Mohler on the SBC name change


Dr. Mohler offers his perspective on the SBC name change:

Clearly, changing the name of the SBC will not be easy. There is tremendous value in the established name and reputation of the Southern Baptist Convention, especially when the denomination has put itself on the line again and again in defense of biblical truth and theological orthodoxy. The name emerged from a historical context that is central to the denomination’s history and identity. Of course, the Convention’s population distribution is still mightily weighted by concentrations in the South and Southwest.

There may be significant legal and economic factors to consider, especially when the SBC’s founding was almost 170 years ago. The legal name of the Southern Baptist Convention is woven throughout SBC life — not to mention its 40,000 member churches. This would be no simple re-branding effort. Much is at stake.

What international implications might a name change hold? Those must be considered. In a global context, “southern” does not imply the American meaning. So, what does it imply? That question must be asked. How much international recognition might be lost by changing the name?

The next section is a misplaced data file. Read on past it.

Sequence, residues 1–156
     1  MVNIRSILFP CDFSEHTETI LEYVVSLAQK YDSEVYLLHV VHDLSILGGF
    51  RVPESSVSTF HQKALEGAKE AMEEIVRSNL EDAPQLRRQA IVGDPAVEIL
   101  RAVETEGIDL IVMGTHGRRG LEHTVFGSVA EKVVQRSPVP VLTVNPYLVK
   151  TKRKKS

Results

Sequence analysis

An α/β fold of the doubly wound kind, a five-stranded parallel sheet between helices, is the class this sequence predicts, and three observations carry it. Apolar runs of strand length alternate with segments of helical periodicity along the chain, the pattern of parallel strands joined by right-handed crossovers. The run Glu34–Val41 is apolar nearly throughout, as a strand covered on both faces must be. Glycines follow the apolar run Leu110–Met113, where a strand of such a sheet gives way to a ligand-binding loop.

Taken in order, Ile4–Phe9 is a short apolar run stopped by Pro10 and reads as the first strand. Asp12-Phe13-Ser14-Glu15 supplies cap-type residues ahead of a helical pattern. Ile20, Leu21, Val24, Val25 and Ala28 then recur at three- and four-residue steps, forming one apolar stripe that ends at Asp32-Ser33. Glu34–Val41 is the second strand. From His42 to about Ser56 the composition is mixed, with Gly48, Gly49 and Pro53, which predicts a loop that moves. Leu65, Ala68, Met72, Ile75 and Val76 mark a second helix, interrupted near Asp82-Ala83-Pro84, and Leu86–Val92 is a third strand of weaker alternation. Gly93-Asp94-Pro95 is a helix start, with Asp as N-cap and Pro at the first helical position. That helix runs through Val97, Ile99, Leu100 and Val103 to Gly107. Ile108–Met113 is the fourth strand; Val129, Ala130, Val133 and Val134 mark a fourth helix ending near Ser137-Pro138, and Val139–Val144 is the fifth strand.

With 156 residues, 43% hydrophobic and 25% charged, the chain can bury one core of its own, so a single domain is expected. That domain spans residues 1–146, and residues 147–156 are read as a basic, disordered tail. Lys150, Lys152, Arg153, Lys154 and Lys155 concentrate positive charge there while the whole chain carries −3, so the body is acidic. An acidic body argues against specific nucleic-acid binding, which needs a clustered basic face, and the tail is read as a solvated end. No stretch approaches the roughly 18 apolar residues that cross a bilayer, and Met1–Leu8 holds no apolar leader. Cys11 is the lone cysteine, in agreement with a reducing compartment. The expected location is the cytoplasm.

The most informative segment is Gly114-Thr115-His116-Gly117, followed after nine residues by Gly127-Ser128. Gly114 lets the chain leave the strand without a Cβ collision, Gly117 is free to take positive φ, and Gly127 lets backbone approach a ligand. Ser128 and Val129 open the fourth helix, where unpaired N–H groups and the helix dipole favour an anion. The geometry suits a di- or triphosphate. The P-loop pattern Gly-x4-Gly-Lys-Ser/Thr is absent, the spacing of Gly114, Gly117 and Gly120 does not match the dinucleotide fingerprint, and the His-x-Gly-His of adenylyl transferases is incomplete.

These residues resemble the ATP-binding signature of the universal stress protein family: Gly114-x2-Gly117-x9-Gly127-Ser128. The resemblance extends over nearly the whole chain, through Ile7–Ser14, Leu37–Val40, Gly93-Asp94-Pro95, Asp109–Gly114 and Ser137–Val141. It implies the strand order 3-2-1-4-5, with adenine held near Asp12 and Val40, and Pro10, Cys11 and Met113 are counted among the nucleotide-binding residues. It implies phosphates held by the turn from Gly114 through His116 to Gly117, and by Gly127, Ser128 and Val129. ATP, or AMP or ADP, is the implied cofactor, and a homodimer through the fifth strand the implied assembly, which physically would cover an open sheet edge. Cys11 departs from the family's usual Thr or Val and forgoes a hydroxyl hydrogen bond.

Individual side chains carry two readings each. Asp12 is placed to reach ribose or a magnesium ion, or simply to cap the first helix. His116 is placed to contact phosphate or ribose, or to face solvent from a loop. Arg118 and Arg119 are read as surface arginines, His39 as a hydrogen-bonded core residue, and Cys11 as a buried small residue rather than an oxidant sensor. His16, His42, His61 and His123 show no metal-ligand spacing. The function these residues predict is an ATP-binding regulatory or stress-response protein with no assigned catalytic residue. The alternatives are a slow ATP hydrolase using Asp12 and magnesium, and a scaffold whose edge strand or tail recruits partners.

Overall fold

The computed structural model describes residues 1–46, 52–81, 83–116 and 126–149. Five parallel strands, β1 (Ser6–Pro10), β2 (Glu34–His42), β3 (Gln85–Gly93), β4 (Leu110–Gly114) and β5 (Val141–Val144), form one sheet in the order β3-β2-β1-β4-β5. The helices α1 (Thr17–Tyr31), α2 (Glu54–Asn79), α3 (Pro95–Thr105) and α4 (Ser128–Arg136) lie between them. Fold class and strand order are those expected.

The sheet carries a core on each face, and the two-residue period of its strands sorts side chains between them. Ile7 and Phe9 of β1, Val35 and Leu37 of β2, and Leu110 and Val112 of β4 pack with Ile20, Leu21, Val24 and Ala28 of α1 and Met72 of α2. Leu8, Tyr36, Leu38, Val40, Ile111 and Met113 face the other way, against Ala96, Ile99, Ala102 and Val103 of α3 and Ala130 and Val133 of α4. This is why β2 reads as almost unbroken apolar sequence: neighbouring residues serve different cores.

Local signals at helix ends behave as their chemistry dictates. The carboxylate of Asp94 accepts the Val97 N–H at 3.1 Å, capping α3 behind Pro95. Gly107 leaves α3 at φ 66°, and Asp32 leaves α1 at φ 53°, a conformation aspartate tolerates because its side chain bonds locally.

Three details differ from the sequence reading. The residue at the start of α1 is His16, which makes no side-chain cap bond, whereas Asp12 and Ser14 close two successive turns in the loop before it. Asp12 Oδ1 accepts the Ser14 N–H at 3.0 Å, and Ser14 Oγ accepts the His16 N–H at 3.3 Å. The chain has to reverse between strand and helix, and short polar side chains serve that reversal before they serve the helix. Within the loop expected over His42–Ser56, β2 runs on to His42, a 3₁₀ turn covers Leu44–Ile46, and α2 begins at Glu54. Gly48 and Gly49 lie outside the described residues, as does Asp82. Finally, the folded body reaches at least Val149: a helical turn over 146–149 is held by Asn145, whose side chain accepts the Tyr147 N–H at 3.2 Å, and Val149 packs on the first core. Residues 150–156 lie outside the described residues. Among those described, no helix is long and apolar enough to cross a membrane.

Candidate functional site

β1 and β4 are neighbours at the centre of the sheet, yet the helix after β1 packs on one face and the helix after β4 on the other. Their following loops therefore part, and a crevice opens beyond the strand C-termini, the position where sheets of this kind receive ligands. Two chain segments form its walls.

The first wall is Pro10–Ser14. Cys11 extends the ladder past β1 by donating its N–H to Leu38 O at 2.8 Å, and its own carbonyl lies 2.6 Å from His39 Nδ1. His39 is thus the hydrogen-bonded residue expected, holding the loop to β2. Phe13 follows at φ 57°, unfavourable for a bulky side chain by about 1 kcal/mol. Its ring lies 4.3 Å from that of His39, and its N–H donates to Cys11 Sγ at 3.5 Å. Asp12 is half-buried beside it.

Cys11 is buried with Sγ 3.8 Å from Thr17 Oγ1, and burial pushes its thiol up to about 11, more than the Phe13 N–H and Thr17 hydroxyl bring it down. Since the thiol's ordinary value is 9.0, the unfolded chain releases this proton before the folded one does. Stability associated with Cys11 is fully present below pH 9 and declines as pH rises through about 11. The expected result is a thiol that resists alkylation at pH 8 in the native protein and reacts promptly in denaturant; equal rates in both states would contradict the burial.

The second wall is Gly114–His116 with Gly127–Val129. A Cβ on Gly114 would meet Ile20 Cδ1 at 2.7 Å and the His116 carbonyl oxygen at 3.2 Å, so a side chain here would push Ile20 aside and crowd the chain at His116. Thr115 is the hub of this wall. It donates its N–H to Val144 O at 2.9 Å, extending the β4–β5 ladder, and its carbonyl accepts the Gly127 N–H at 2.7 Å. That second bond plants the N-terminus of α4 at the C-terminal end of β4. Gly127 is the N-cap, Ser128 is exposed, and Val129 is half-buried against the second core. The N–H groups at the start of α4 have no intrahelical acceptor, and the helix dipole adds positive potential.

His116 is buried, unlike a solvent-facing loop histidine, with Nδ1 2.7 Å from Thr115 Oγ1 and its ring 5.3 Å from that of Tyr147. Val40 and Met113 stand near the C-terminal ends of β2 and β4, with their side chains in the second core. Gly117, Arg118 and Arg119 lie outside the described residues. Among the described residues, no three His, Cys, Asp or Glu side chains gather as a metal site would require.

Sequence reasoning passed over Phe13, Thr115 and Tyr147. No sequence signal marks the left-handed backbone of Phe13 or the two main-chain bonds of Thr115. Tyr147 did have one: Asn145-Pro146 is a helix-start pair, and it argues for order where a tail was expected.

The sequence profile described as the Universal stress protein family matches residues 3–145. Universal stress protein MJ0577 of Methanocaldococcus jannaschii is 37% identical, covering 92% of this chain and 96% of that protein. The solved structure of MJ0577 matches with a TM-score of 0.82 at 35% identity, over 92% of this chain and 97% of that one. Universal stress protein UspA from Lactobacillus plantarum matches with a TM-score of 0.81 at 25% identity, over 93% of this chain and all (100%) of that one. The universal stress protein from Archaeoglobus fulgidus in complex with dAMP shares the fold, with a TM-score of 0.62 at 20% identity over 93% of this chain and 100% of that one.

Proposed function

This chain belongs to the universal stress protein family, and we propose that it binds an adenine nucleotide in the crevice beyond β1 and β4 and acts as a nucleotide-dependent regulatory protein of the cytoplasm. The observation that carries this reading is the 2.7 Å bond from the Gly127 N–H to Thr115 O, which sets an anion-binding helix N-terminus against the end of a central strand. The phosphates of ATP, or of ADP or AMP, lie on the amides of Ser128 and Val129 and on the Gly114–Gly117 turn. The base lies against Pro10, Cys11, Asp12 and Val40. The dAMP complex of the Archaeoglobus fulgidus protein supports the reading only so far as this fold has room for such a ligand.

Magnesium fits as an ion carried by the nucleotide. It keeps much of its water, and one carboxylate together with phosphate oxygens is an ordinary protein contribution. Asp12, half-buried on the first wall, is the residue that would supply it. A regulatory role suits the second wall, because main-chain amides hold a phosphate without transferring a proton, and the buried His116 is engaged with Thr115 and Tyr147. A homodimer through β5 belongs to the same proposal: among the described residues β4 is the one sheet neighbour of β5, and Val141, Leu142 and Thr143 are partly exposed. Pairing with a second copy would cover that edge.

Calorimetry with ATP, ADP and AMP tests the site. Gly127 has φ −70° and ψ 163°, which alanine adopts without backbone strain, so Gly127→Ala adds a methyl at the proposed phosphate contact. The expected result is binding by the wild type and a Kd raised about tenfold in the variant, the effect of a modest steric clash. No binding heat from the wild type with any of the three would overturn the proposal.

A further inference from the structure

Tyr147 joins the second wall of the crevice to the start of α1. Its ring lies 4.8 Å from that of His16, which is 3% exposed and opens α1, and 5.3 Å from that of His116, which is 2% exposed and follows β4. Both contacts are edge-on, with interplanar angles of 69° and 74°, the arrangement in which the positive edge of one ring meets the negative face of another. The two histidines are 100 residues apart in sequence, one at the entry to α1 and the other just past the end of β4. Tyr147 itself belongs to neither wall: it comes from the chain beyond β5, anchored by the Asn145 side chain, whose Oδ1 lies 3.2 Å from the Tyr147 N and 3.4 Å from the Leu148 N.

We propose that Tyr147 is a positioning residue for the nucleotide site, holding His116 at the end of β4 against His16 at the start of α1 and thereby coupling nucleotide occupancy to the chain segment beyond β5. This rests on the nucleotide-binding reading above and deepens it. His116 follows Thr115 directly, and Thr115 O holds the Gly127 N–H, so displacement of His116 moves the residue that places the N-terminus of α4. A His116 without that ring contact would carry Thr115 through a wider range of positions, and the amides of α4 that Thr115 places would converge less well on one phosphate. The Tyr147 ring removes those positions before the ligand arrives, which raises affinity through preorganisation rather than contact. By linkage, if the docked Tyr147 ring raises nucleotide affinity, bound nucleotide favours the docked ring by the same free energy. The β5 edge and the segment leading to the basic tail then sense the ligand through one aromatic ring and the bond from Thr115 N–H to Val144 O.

On the other hand, there are powerful reasons to consider changing the name. The SBC is not driven by a southern agenda nor a southern vision, but by a passionate commitment to the Great Commission. In the context of the United States, “southern” refers to a region. That region gave birth to the Southern Baptist Convention, but it no longer contains it. To many in regions like New England and the Pacific Northwest, the “Southern Baptist Convention” sounds strange, if not foreign. On the other hand, how much does this really mean anymore?

Furthermore, there is a legacy with which we must continue to deal. We were established as an association of churches that would appoint slaveholders as missionaries. There is so much to celebrate in the heritage of our beloved denomination, but there is also a deep stain that is associated with slavery, the nation’s sectional division prior to and during the Civil War, and the legacy of racism. If these issues can be resolved, even to any significant degree, by a name change, a Gospel-minded people would never hesitate to consider such a proposal.

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